As a child I felt our family dog was my special friend. Only he understood me. Unquestioning, even when I did some beastly seven-year-old things to him, Simon gave me devotion and fun and companionship. I played at “showjumping” with him in the garden, over homemade jumps - many years before the great sport of Dog Agility was introduced. He went everywhere with me, on all my “explores”. He comforted me when I was down, and made everything more fun.
As I grew up, with the limited choices of a dependent teenager and young adult - i.e. school and bedsits, I missed contact with dogs. Until the happy moment when I graduated, left employment and started working for myself.
My very first day of freedom was spent at London’s Battersea Dogs Home, sizing up possible soulmates.
And I found one!
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Poppy was perfect. She was around three months old, thin, quiet but curious, and I instantly loved her. The day she became available for rehoming I was sitting on the cold London pavement at 6 a.m., waiting for the doors to open. I was three hours early, but I was at the front of the queue: no-one was going to get in before me and take my pup!
As soon as we were let in, I raced to the area where “my” puppy was, and claimed her. She cost £9.50, including the collar and lead. After a few formalities I was out on that pavement again, this time carrying my precious new friend.
New Fun, a New Life!
That day marked the beginning of the rest of my life. Poppy came with me almost everywhere. She was sweet and friendly and popular. And it was her bright responsiveness that got her picked up by a talent scout for a local dog training club.
We joined a new world where dogs were regarded as important - a necessity - and accorded attention, respect, and understanding.
Competing with Poppy in Agility, Obedience, and Working Trials was rewarding and - importantly - fun! We did well and won frequently. One judge wrote of Poppy, Flower of Battersea: “Such grace and elegance from humble beginnings as shown by her name.” She went on from those humble beginnings to qualify as a Champion, with yards of alphabet after that name. My little shelter pup became W.T.Ch. Flower of Battersea, C.D.Ex, U.D.Ex, W.D.Ex, T.D.Ex. She had more letters after her name than I did!
I was bitten by the dog-training bug - good-o! Poppy became the first of many dogs who I loved, lived with, and competed with. Down the years I’ve always had three or four dogs at a time - usually of varying breeds or types (I love exploring how different breeds think and function), so I have the daily stimulation of working with a multi-dog household of very different characters and breeds.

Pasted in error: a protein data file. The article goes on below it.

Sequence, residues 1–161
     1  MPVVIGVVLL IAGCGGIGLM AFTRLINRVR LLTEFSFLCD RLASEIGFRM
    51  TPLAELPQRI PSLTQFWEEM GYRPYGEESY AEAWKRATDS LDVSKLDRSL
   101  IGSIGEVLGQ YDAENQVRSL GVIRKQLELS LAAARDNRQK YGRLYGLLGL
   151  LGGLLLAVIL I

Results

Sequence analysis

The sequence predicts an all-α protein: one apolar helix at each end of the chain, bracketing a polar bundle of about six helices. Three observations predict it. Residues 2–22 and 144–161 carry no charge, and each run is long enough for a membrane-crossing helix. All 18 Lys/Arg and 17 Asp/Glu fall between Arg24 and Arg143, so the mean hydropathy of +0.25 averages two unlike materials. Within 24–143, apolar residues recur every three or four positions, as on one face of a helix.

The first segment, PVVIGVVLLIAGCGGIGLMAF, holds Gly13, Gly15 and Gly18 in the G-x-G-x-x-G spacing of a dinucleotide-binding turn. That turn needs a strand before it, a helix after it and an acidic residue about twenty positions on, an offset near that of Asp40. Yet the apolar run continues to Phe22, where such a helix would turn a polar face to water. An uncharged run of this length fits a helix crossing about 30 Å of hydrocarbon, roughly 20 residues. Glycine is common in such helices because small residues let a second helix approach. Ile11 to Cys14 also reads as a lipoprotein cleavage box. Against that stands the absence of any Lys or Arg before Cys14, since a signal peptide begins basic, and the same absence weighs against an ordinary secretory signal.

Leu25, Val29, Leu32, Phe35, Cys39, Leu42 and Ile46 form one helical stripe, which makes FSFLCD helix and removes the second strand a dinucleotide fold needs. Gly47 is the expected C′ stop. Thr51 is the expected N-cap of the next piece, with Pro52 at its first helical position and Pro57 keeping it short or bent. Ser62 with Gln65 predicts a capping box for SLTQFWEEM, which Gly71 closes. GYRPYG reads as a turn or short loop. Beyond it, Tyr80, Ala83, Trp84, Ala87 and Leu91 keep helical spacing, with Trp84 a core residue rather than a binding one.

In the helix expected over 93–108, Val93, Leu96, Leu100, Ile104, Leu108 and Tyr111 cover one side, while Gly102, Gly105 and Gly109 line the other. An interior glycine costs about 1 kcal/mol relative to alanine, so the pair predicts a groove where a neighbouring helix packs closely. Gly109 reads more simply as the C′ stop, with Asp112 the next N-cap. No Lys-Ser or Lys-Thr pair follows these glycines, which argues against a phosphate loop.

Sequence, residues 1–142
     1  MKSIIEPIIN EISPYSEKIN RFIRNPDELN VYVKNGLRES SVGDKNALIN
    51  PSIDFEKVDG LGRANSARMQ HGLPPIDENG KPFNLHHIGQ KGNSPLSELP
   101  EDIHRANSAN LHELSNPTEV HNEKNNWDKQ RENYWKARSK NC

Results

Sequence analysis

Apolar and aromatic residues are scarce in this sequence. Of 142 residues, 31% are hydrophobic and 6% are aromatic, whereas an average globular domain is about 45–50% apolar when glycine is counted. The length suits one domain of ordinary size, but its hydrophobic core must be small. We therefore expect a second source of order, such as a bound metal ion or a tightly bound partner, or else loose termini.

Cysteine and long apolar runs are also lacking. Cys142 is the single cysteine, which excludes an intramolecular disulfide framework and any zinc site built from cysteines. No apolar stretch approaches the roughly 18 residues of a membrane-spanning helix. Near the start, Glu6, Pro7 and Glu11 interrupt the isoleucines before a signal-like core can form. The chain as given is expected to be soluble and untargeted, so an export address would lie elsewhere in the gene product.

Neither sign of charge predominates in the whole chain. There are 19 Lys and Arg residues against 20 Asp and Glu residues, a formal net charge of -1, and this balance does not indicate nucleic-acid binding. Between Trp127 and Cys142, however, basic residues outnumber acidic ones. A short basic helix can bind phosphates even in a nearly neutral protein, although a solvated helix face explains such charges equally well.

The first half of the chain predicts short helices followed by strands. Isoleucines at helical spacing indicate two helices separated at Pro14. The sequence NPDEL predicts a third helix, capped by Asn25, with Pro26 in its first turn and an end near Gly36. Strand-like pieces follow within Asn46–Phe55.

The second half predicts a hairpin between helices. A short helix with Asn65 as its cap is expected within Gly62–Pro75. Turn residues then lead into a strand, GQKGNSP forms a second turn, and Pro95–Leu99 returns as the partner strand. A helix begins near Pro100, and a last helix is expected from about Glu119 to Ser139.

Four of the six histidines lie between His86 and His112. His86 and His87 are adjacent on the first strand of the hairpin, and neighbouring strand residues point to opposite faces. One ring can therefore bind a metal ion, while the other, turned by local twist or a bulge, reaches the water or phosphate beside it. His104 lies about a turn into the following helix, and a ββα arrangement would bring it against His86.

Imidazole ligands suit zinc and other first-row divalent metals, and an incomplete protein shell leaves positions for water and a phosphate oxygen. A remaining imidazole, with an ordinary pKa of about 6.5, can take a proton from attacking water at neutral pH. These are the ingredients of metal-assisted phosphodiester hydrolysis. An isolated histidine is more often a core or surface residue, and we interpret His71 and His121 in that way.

And it was the curiosity engendered by those differences that got me further and further into dog training until I qualified as a professional trainer myself. It was not something I had aspired to. But I found that people would ask me about all things dog-related, and that I actually knew more than they did!
If I could help their dog, then I could help other dogs too. And it is changing the lot of dogs and how people interact with them that is my aim.
Our knowledge of how dogs learn has improved so dramatically over the years that I’m happy to say the more confrontational methods used in my early days are now totally discarded. Force-free training is the way to go - it is proven to work, with children and people, as well as with dogs!
More Dogs and Puppies!
I started with family-based puppy classes. Then people wanted help with their older dogs. They wanted to learn how to teach their dog tricks. So my school grew and started to spread online.
One of my biggest jumps forward was when I acquired a dog who turned out to be fearful, suspicious, reactive - “growly”. To learn how to help her best fit into our world I had to do a lot more specialist study and take more exams. Finding how well this worked for her meant that I am now able to help other much-loved but growly dogs and their distraught owners.
Working with puppies on the one hand, and difficult dogs on the other, gives me insights into how to give the puppies the best chance of not joining the problem dogs and becoming difficult themselves as they grow up. (No, I’m not shooting myself in the professional foot here! Sadly the flow of growly and fearful dogs is unabated.)
It’s immensely fulfilling work, and so rewarding when people write to me later - sometimes years later - to tell me how their lives have been enriched.
This help for local dogs and puppies has now spread from www.goodfordogs.co.uk - my dog training school in Worcestershire - to here on www.brilliantfamilydog.com where I’m able to reach people from all over the world. One of the joys of doing Live Training Sessions, for instance, is to be able to greet people who are introducing themselves from all over the world.
My online course From Growly Dog to Confident Dog gives me the opportunity to work with people from different parts of the world. We’re all much the same really: we love our dogs and want to make their lives better.
Publishing a series of books has also brought me to a new audience, and my inbox is regularly filled with appreciative emails, and questions from people who are convinced I have all the answers! I do my very best to give them a response which will help with their most pressing problem straight away.
If Simon is on a cloud looking down on me, I hope he’ll feel proud of what he started!
What Were You Always Good At?
My story is yet another case of someone turning their passion into their livelihood. We get to a stage in our lives where what’s really important stands out clearly.
Not doing it becomes more difficult than doing it.
And if you do it well - with passion and conviction - the people will come.
BA (Hons), CBATI, CAP2, MAPDT, PPG, ABTC Registered Animal Trainer
Author of the Brilliant Family Dog series of books